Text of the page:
• In the last couple of years, due to the extraordinary and ordinary Synods on the Family, the lead-up to them and the publication of Pope Francis’ Amoris Laetitia, there has been a question as to whether those who are divorced-and-civilly remarried can be allowed to receive Holy Communion. This is a question ultimately about whether we should be admit those whom Jesus says in today’s Gospel are in and are persevering in a state of adultery, to Holy Communion. If we believe that adultery is a sin — and we do because God clearly teaches that it is — then to admit divorced-and-remarried Catholics to Holy Communion would be a failure for us to live the truth with regard to the proper dispositions necessary to receive God’s forgiveness (which involves a firm purpose to eliminate the causes and near occasions of sin), the proper dispositions necessary to receive Holy Communion (which requires moral certainty that we’re in the state of grace, a state of holy Communion with God), and the reality of the indissolubility and fidelity of marriage in God’s plans. Some say that those who are divorced-and-remarried really need the power of Christ received in Holy Communion, and that’s doubtless true, because we all need that grace, but to give Holy Communion to someone who is not going to address the issue of adultery would be analogous to giving chemotherapy to a lung cancer patient in one arm while the person has a lit cigarette in the other. We need to address the underlying issue of the spiritual cancer. In this Year of Mercy, in which we seek to find mercy for all, we must strive to bring those in the situation of divorce-and-civil-remarriage or any other objectively irregular situation to receive God’s mercy, but we’re not being merciful if we don’t patiently help them to root out of their life their spiritual cancers. We’d be guilty of a spiritual malpractice analogous to a doctor’s telling a patient with lung cancer to continue to smoke, that smoking isn’t a big deal, and that they can continue to smoke without harming their health. The Church cannot change her teaching and discipline here with being unfaithful to God. The Church wants to help couples in these circumstance whether their first marriage was valid through petitions for declaration of nullity or at least to remain faithful to the Lord in prayer and charity when they can’t obtain them, but we can’t minimize or avoid the objective state of adultery in which they’re living, because not only would we not be loving to the Lord, but we would not be loving to them, since adultery is a serious sin, which unrepented and unforgiven, could lead someone to eternal separation from God. To mark the Year of Mercy well means to be compassionate to people in difficult circumstances but also to have trust in the power of God’s merciful love to bring us out of situations of sin to situations of grace. If God’s amazing grace can save a wretch like me, he can save others, too, in difficult circumstances. And like St. Bernardine of Siena did centuries ago in bringing the people of his time to God’s mercy and conversion and holiness of life, we are called to be similar heralds to our own generation.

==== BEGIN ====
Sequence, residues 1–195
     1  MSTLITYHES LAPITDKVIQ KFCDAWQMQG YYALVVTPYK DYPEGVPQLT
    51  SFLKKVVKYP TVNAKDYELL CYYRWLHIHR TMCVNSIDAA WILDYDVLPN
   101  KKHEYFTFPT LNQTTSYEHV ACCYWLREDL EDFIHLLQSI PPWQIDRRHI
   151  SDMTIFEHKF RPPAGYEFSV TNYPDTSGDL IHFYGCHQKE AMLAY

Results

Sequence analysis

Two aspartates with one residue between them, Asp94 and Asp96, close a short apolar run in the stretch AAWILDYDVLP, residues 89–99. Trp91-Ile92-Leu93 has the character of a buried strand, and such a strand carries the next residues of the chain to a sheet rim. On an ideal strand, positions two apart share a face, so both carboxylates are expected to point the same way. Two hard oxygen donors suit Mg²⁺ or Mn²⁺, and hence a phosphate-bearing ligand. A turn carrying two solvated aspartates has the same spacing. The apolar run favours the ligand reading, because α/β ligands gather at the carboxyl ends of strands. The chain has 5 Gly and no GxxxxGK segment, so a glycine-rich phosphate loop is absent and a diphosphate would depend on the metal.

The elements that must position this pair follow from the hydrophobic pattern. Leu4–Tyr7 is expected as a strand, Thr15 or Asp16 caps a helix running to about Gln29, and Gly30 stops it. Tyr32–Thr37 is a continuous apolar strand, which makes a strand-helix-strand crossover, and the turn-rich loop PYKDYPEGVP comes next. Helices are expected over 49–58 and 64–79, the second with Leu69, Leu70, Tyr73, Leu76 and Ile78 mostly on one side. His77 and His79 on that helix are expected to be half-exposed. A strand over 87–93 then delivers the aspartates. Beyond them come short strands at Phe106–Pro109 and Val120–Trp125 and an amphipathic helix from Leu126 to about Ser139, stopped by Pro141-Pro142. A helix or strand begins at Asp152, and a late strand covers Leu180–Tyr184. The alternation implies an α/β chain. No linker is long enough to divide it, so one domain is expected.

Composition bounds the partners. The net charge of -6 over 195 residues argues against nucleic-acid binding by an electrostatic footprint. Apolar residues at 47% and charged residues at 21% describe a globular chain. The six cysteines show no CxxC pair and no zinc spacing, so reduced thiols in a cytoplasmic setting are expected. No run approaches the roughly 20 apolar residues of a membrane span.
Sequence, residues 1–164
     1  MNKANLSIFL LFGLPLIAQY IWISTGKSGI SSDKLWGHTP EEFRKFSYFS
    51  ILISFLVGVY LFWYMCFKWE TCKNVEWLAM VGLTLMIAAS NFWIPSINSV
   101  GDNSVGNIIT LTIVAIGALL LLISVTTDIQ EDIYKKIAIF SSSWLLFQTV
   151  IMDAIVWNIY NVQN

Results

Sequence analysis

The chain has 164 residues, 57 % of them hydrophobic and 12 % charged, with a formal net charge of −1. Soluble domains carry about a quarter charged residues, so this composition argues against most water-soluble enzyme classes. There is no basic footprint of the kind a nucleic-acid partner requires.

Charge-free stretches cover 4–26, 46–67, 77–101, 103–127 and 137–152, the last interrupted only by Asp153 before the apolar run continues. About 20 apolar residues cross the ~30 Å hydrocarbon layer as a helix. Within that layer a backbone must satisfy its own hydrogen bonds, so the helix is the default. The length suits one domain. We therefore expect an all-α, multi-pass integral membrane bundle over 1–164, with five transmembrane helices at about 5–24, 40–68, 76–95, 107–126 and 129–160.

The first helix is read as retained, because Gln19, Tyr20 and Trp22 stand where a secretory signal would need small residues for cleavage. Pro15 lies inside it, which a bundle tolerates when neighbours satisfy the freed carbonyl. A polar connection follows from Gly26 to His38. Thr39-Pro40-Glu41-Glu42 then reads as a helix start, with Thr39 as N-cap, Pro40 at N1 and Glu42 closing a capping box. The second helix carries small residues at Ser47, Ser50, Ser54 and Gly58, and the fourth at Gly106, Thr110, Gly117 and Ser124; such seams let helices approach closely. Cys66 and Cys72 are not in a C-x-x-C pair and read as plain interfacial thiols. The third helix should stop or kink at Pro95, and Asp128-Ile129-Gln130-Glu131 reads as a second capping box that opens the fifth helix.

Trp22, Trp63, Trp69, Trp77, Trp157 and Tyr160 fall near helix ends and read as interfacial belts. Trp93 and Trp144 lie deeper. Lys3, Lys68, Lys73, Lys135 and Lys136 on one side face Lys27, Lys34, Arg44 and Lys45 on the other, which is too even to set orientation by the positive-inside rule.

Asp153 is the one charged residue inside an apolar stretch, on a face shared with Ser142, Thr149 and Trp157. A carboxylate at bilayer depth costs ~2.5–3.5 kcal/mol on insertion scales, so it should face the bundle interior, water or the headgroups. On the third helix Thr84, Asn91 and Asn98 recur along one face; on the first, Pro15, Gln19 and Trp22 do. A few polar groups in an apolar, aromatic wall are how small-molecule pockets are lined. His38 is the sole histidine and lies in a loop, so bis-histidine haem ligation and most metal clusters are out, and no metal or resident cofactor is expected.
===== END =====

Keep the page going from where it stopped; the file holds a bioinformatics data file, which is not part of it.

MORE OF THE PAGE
• How do we build marriages that don’t end up in divorce? St. James in today’s first reading gives us some very important principles, basing himself on what Jesus taught us in the Sermon on the Mount of which his letter is an extended commentary. These are principles that apply to all our relations, but they’re important, too, with regard to marriage.